Article © Heok Hee Ng, uploaded June 01, 2004.
This month sees another first, the scientist who described a species of catfish then writes it up for a catfish of the month article! Something of a coup even though the ichthyologist in question is already a regular CotM contributor, Heok hee Ng. Here's what he has to say about this species.
It is perhaps reflective of the state of our knowledge of catfish diversity that one of the stalwarts in the aquarium industry, the pearl catfish, has remained misidentified until very recently. When it first appeared in the aquarium trade, the pearl catfish was identified as Mystus armatus, an Indian species, although it really comes from Southeast Asia. In any case, M. armatus is a species seldom imported in the aquarium trade and possesses a thin, dark band running along the length of the body that the pearl catfish lacks. Since then, several different names have been applied to it, most notably M. micracanthus and (more recently) M. nigriceps. Both these names refer to a species very similar-looking to the pearl catfish, but is more slender-bodied and has a more greenish-gray color. The identity of this catfish was finally established in 2002, when it was found to represent an undescribed species and described as M. castaneus.
Wild caught albino specimen (fish was pink with pink eyes). The golden hue is probably related to diet.
One of the few species of sociable Mystus, the pearl catfish does well in small groups of 4–6 individuals. Their inquisitive, bold nature (they can be seen constantly probing around the tank with their long barbels) gives them an appeal that their color does not provide. Like many bagrids, they are not fussy feeders, and will lustily feed on a wide variety of foods. Because they do not grow to large sizes, pearl catfishes are generally safe with most fishes in a community tank (which is not to say they can be trusted with small fishes like neon tetras).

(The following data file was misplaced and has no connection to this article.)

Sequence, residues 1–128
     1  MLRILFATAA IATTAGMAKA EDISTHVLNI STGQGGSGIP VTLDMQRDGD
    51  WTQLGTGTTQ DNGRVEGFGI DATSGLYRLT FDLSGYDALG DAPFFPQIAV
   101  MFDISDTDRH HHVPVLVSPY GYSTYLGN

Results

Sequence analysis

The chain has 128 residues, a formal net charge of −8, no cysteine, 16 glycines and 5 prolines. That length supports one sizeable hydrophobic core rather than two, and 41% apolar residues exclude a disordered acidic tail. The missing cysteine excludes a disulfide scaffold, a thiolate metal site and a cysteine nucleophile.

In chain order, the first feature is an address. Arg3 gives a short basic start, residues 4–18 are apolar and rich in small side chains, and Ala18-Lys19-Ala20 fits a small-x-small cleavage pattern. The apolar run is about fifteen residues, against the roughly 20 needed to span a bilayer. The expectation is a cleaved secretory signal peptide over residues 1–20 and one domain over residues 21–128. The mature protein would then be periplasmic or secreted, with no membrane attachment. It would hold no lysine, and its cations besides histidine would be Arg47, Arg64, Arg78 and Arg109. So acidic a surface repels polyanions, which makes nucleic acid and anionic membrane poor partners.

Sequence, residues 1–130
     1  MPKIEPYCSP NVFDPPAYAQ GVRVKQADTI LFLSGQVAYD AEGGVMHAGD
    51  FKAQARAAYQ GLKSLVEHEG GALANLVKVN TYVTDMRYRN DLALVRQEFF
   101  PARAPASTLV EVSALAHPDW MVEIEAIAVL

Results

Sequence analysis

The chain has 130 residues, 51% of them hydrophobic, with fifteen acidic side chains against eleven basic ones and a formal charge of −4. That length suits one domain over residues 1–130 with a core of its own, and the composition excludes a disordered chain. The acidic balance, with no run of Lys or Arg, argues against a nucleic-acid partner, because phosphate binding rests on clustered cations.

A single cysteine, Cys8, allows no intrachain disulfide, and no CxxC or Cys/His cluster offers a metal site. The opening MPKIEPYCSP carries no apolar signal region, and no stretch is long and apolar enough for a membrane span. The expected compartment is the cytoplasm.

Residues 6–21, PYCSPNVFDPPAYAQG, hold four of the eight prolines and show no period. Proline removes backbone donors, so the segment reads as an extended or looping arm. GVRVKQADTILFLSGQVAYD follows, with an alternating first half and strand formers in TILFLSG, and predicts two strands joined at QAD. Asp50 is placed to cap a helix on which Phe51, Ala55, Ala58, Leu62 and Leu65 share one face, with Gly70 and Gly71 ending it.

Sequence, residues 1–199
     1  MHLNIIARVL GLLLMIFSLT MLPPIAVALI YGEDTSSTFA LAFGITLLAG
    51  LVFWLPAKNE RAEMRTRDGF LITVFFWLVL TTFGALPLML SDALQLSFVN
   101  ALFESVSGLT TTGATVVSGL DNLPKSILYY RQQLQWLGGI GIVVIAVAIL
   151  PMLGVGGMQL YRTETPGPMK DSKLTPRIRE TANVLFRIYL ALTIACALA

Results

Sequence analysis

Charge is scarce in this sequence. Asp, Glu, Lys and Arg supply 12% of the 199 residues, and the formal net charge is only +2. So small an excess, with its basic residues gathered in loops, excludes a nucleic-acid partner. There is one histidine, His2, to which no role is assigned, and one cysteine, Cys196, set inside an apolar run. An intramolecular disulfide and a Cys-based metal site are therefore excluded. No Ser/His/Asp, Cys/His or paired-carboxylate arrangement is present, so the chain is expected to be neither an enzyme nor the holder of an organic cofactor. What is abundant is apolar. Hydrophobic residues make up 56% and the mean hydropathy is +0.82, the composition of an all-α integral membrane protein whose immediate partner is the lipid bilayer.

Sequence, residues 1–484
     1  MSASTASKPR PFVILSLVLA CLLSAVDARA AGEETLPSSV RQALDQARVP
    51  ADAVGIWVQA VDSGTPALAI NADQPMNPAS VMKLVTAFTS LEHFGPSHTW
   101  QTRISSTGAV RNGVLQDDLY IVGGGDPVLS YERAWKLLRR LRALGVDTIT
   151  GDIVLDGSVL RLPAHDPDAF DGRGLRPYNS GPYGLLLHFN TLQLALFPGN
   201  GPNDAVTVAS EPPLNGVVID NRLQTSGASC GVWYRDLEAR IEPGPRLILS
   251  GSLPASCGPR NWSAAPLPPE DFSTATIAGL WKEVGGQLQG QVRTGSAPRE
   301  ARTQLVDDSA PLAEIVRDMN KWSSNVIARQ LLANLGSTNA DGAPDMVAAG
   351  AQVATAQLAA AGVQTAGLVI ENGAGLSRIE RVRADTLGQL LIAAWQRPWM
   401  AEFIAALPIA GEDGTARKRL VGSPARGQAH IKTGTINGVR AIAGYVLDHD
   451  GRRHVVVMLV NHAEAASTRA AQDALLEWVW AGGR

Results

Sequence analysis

The pearl catfish is also one of the very few bagrid catfishes that have been bred in the aquarium (although the reports date back to the 1980s and no new reports have been forthcoming since; Garside, 1985), although almost all of the fishes encountered in the trade are still wild-caught.
Bagrid catfishes are do not generally behave well in community tanks, but the pearl catfish is one of the few exceptions. Although a rather drab fish by most standards, the pearl catfish makes up for its lack of color with its engaging personality. Add all of these and throw in its fairly wide tolerance of water conditions, and you can see why they remain popular to this day.
Garside, F. 1985. The pearl catfish. Some notes on breeding. Aquarist and Pondkeeper 49(11):38–39.
Copyright information for the images used in this article can be found on the species' full Cat-eLog page.
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